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The Higgs Mechanism
Unlike protons and neutrons, truly elementary particles--such as quarks and electrons--are not made up of smaller pieces. The explanation of how they acquire their rest masses gets to the very heart of the problem of the origin of mass. As I noted above, the account proposed by contemporary theoretical physics is that fundamental particle masses arise from interactions with the Higgs field. But why is the Higgs field present throughout the universe? Why isn't its strength essentially zero on cosmic scales, like the electromagnetic field? What is the Higgs field? T
he Higgs field is a quantum field. That may sound mysterious, but the fact is that all elementary particles arise as quanta of a corresponding quantum field. The electromagnetic field is also a quantum field (its corresponding elementary particle is the photon). So in this respect, the Higgs field is no more enigmatic than electrons and light. The Higgs field does, however, differ from all other quantum fields in three crucial ways.
The first difference is somewhat technical. All fields have a property called spin, an intrinsic quantity of angular momentum that is carried by each of their particles. Particles such as electrons have spin 1/2 and most particles associated with a force, such as the photon, have spin 1. The Higgs boson (the particle of the Higgs field) has spin 0. Having 0 spin enables the Higgs field to appear in the Lagrangian in different ways than the other particles do, which in turn allows--and leads to--its other two distinguishing features.
The second unique property of the Higgs field explains how and why it has nonzero strength throughout the universe. Any system, including a universe, will tumble into its lowest energy state, like a ball bouncing down to the bottom of a valley. For the familiar fields, such as the electromagnetic fields that give us radio broadcasts, the lowest energy state is the one in which the fields have zero value (that is, the fields vanish)--if any nonzero field is introduced, the energy stored in the fields increases the net energy of the system. But for the Higgs field, the energy of the universe is lower if the field is not zero but instead has a constant nonzero value. In terms of the valley metaphor, for ordinary fields the valley floor is at the location of zero field; for the Higgs, the valley has a hillock at its center (at zero field) and the lowest point of the valley forms a circle around the hillock. The universe, like a ball, comes to rest somewhere on this circular trench, which corresponds to a nonzero value of the field. That is, in its natural, lowest energy state, the universe is permeated throughout by a nonzero Higgs field.
The final distinguishing characteristic of the Higgs field is the form of its interactions with the other particles. Particles that interact with the Higgs field behave as if they have mass, proportional to the strength of the field times the strength of the interaction. The masses arise from the terms in the Lagrangian that have the particles interacting with the Higgs field.
Our understanding of all this is not yet complete, however, and we are not sure how many kinds of Higgs fields there are. Although the Standard Model requires only one Higgs field to generate all the elementary particle masses, physicists know that the Standard Model must be superseded by a more complete theory. Leading contenders are extensions of the Standard Model known as Supersymmetric Standard Models (SSMs). In these models, each Standard Model particle has a so-called superpartner (as yet undetected) with closely related properties[see 'The Dawn of Physics beyond the Standard Model,' by Gordon Kane; Scientific American, June 2003]. With the Supersymmetric Standard Model, at least two different kinds of Higgs fields are needed. Interactions with those two fields give mass to the Standard Model particles. They also give some (but not all) mass to the superpartners. The two Higgs fields give rise to five species of Higgs boson: three that are electrically neutral and two that are charged. The masses of particles called neutrinos, which are tiny compared with other particle masses, could arise rather indirectly from these interactions or from yet a third kind of Higgs field.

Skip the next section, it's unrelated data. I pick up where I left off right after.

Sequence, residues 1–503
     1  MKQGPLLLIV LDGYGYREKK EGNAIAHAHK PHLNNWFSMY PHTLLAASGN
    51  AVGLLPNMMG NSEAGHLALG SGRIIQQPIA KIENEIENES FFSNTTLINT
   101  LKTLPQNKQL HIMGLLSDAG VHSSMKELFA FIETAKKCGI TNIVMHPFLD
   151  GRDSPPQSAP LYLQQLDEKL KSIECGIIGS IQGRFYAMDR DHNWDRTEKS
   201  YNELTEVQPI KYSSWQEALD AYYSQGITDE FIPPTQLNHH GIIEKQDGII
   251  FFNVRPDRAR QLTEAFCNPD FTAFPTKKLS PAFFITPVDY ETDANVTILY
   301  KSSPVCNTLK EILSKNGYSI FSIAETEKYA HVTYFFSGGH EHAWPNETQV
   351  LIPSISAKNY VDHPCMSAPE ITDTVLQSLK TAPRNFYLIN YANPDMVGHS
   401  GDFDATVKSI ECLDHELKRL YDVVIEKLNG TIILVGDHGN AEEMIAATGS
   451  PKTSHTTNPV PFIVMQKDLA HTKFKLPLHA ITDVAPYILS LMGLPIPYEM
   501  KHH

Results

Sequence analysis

Theorists have several reasons for expecting the SSM picture of the Higgs interaction to be correct. First, without the Higgs mechanism, the W and Z bosons that mediate the weak force would be massless, just like the photon (which they are related to), and the weak interaction would be as strong as the electromagnetic one. Theory holds that the Higgs mechanism confers mass to the W and Z in a very special manner. Predictions of that approach (such as the ratio of the W and Z masses) have been confirmed experimentally.
Second, essentially all other aspects of the Standard Model have been well tested, and with such a detailed, interlocking theory it is difficult to change one part (such as the Higgs) without affecting the rest. For example, the analysis of precision measurements of W and Z boson properties led to the accurate prediction of the top quark mass before the top quark had been directly produced. Changing the Higgs mechanism would spoil that and other successful predictions.
Third, the Standard Model Higgs mechanism works very well for giving mass to all the Standard Model particles, W and Z bosons, as well as quarks and leptons; the alternative proposals usually do not. Next, unlike the other theories, the SSM provides a framework to unify our understanding of the forces of nature. Finally, the SSM can explain why the energy "valley" for the universe has the shape needed by the Higgs mechanism. In the basic Standard Model the shape of the valley has to be put in as a postulate, but in the SSM that shape can be derived mathematically.